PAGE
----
WHERE Clause Conditions with OUTER Joins

Issues that arise out of using Where clause in Outer Joins and how to avoid that.

One common mistake that people make while writing Outer Joins is incorrectly specifying a condition in the query. It’s such an innocent mistake that unless you have an idea of the expected result you won’t even realize that you made a mistake.

human computer blaming each other

Let me explain using the following two tables:

Table Name: Emp_Dept

 EmpID EmpNameDept
1SuriOps
2DivyaHR
3MayaHR
4RahulIT

Table Name: Emp_Loc

 EmpID StateCity
1UPKanpur
3RajasthanJaipur
4TelanganaHyderabad

Let’s assume that you are doing a Left Join (aka Left Outer Join) on tables Emp_Dept & Emp_Loc.

Select a.EmpId, a.EmpName, a.Dept, b.City
 From Emp_Dept a Left Join Emp_Loc b
 On a.EmpId=b.EmpId

Result:

 EmpID EmpNameDeptCity
1SuriOpsKanpur
2DivyaHR 
3MayaHRJaipur
4RahulITHyderabad

Now if you include a condition in your query using a WHERE clause that applies to the secondary table (i.e. the table on the RIGHT of a LEFT JOIN), the query will not act like an OUTER join, because you’ve limited the results with conditions on both tables. You’ve essentially overridden the OUTER JOIN by limiting the results to only records that exist in the secondary table, thus making it behave like an INNER join

Confused?

Let’s understand this by applying a WHERE clause condition on the CITY column of Emp_Loc – which is on the RIGHT of a LEFT JOIN:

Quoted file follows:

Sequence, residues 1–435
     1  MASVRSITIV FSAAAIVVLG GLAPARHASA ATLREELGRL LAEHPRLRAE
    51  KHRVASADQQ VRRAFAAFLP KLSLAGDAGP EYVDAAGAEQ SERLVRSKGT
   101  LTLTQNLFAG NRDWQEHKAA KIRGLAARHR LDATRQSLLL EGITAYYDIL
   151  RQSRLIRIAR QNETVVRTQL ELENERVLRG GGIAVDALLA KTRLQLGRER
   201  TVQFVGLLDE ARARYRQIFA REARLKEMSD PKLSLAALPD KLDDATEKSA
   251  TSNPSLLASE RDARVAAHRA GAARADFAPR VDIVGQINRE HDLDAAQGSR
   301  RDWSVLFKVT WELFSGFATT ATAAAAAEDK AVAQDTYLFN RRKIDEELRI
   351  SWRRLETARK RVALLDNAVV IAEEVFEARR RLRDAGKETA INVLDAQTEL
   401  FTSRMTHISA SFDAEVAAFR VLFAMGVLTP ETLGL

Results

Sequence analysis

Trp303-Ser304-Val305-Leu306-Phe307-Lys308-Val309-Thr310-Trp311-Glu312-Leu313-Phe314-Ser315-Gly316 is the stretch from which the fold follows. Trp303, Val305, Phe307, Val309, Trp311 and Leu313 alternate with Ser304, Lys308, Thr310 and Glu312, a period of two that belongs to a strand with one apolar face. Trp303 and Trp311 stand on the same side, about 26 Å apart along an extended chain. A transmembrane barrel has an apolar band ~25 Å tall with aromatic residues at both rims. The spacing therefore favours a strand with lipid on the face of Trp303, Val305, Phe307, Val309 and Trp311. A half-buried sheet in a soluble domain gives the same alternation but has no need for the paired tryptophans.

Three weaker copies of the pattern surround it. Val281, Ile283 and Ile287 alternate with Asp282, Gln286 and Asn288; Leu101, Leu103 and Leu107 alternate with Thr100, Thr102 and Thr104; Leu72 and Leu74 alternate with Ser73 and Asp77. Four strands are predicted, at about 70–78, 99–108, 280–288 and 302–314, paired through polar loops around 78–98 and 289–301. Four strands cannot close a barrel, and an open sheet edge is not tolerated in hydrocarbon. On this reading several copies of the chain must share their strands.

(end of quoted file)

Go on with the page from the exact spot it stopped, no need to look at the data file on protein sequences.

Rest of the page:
Select a.EmpId, a.EmpName, a.Dept, b.City
 From Emp_Dept a Left Join Emp_Loc b
 On a.EmpId=b.EmpId
 Where b.City='Jaipur'

In this case, we’ll get only the rows for which the given condition is true – making the query behave like an INNER join:

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 EmpID EmpNameDeptCity
3MayaHRJaipur

If this is not how you want your output to be, you should use the condition in the Join clause itself, as shown below:

Select a.EmpId, a.EmpName, a.Dept, b.City
 From Emp_Dept a Left Join Emp_Loc b
 On a.EmpId=b.EmpId
 And b.City='Jaipur'

The result of the above query will be:

 EmpID EmpNameDeptCity
1SuriOps 
2DivyaHR 
3MayaHRJaipur
4RahulIT 

So, when you specify the condition using a Where clause, it applies the filter on the result of the entire query, whereas when you apply the condition in the Join clause, it applies the filter only on the Join.

A small concept, which if ignored, can inject huge errors in the data!

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One comment

  1. […] remember that use of WHERE with OUTER JOIN can lead to the incorrect results. Check this article for […]

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